Below is an article originally written by Kristen Forecki at PowerToFly Partner Convoy, and published on October 23, 2018. Go to Convoy's page on PowerToFly to see their open positions and learn more.
Today, we're thrilled to announce that we are opening our first office outside of our Seattle headquarters with a new office in Atlanta, GA.
Over the past three years, we've grown our customer base to include Fortune 500 brands, regional titans, and local shippers. As we've expanded nationwide, we've seen dramatic growth in the demand of our customers with east coast shipping, and we are opening an office in Atlanta to better serve our customers and carriers across the country.
Atlanta is a leading global center for supply chain. It has strong representation of Fortune 500 companies as well as regional, thriving businesses, and it's a vital location for freight in the US. We're excited to join supply chain leaders such as UPS, Delta, Home Depot, and Westrock by expanding our presence in the city, and we look forward to making new friends in the freight community.
"As we've grown to support the needs of our customers across the country we've been providing 24/7 support from Convoy's offices in Seattle," said Dan Lewis, CEO. "The amazing Atlanta talent joining our new office will allow us to continue delivering industry-leading service, while giving our customers and carriers greater access to our teams."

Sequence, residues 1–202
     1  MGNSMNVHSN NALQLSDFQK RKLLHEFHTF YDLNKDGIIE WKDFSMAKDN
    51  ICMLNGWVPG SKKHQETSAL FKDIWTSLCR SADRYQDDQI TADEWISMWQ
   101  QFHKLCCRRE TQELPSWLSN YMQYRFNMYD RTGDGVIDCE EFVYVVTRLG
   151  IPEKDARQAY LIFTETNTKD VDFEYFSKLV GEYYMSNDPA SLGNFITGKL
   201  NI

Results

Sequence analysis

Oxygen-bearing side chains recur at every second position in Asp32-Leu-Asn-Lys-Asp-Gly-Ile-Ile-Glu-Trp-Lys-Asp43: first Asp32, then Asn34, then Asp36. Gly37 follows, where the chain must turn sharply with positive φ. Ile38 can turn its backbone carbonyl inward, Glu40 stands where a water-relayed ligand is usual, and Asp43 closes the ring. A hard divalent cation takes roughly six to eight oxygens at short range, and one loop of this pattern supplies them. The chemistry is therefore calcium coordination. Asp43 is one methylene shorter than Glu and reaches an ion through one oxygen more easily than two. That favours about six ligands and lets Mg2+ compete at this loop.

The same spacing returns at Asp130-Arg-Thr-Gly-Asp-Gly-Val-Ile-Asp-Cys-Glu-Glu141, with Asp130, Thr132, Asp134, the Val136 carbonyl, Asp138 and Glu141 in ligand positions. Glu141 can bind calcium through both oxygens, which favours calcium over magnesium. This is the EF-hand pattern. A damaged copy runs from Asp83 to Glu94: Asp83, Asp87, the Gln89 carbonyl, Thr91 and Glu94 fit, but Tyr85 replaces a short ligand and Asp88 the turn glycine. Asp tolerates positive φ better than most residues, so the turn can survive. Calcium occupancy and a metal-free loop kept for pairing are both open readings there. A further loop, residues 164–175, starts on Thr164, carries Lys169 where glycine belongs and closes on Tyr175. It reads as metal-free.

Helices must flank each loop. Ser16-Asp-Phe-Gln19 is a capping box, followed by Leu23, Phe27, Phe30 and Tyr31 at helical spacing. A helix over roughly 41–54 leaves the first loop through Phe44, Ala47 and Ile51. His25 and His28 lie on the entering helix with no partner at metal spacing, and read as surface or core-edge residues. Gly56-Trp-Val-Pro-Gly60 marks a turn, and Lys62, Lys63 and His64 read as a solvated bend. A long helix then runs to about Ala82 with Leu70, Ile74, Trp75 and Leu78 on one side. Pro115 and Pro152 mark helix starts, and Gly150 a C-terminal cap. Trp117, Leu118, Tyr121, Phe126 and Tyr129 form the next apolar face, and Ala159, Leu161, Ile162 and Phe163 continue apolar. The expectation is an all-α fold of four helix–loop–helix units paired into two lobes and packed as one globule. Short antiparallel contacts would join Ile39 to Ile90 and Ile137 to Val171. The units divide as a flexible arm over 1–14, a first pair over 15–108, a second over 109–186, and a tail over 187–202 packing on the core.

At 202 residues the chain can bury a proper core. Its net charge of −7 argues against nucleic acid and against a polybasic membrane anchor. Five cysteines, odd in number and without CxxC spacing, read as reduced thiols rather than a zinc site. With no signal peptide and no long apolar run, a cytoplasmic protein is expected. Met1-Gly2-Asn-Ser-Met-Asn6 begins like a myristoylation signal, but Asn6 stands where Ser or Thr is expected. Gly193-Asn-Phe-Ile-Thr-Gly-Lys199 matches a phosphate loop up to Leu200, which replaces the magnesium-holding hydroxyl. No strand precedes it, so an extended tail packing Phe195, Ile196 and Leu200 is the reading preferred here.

The office will be staffed by operations, support, and account management teams focused on supporting both current and new Convoy customers.
Five years ago, Sarah Scherzer saw a job posting on her neighborhood's mom-and-dad site and applied. Now she's Director of Customer Experience at Karat, where her role as a mother has always been a part of her story.
Crises can bring out the best in us. It can be hard to believe that when headlines are crowded with toilet paper hoarders or raucous spring breakers under the impression that they're invincible, but it's true. A paper by the University of Delaware's Disaster Research Center found that assumptions about people acting in their own best interest during a crisis are "fundamentally incorrect" and that "human beings…typically rise to the daunting challenges that disasters pose."